PlanetRovers – Last Day at Work
July 28th, 2000 (last day at our respective jobs)
Our last day of work is a crowning moment as segue from work life to RTW life. We will be spending the evening on the town with family and friends then start on a little local travel to the beach and then to Pittsburgh. These past few weeks have been full from our wedding to visiting family to trip planning consolidation.
We are pretty much ready to go. Looking back is very humbling. We have saved so diligently and lived like paupers for so long we almost feel bad spending money. The pre-RTW life has been spent cutting coupons, scouring the newspaper and internet for the best possible deals, turning down offers to go out Friday nights and eating unfathomable amounts of peanut butter and jelly sandwiches. Some of these things we would have done anyway but not to the extent we have in preparation for this endeavor.
Planning and saving for our RTW adventure has not been as daunting as one might think. We are both good savers and very organized people. As in life, there are plans and surprises. We have rolled with the flow pretty well. Thus far, there have only been three big surprises. The first big shocker was from the airlines. For a very long time we planned to buy a RTW pass from the Star Alliance (United Airlines and partners) until we found out that they charge for land miles. Essentially, when you are on the ground traveling from perhaps Singapore to Thailand they count that in their total mileage. We said bunk to that and went with Air Brokers and ended up coming out smelling like a rose.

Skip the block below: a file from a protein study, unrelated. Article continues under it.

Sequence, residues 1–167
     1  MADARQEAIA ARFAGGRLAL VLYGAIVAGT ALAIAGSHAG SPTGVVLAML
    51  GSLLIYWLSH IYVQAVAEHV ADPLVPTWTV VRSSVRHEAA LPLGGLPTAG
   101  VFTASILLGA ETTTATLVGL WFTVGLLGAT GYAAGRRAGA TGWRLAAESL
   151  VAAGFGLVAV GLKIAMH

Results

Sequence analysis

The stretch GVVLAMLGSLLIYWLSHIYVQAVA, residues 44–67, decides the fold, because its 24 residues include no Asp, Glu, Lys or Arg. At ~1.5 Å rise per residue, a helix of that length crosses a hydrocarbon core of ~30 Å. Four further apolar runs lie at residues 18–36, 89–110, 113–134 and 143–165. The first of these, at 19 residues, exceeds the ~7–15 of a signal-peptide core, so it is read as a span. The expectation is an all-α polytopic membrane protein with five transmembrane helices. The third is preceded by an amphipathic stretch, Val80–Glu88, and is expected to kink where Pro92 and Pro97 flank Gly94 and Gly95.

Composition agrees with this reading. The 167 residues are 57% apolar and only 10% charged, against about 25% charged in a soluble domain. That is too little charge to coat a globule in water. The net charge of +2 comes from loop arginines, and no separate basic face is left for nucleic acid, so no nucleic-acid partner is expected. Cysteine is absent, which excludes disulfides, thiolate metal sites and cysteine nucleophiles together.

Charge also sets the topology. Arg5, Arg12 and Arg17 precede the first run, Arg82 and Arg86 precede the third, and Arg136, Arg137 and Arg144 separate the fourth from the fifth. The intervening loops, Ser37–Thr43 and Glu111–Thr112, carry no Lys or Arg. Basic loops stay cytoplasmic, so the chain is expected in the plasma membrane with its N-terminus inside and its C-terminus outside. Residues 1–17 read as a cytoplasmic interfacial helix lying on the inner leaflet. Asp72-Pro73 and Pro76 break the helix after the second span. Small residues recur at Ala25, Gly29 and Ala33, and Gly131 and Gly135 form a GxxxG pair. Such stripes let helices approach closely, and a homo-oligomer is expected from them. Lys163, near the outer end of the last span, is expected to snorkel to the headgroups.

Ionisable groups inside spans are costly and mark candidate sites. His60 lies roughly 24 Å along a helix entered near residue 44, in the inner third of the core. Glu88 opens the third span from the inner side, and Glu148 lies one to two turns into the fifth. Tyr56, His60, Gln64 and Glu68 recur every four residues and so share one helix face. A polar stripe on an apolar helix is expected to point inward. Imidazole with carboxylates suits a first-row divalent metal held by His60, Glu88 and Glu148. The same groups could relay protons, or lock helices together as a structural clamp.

The last two big surprises were in the last three weeks. About a month and half ago the Fijians decided to have themselves a little political coup. Civil unrest may be good for them but it put a damper on our plans. We called, Sharon, our ever-so-helpful Air Brokers representative and she hooked us up with a nice diversion from Fiji to Tonga. Once again, I think we came out smelling pretty. More thoughts on that point will follow in our web site.
The last stinker came from TIA travel insurance. All of a sudden they do not write policies on Americans. Fortunately for us, we never stopped at TIA when we found their policy. We also found the Atlas Series of travel insurance products. It is not as comprehensive as TIA but appears to be able to suit our purposes.
The last few days have been spent at the pharmacy filling prescriptions, at the bookstore finishing off planning Tonga and doing dry runs of packing our backpacks. Tracy figured out an interesting way of packing her bag. Instead of piling her rolled up clothes in her pack she stands them on end. It actually appears to make compressing the bag easier and yields more space.
We have places to go, people to see and money to spend sparingly. Our anticipation level could probably be read on a Richter scale. Two people, two backpacks, one year, one world, that is our motto. Reality is beginning to set in. We believe that our collective dreams and hopes for this trip are probably going to fall short of what reality will be. We dream of long bus rides in The Outback, tree houses in Turkey, ceiling fans in Thailand, new friends, beautiful waves, the awe inspiring power of nature and the mystery and history of the hike we met on in the Cinque Terre.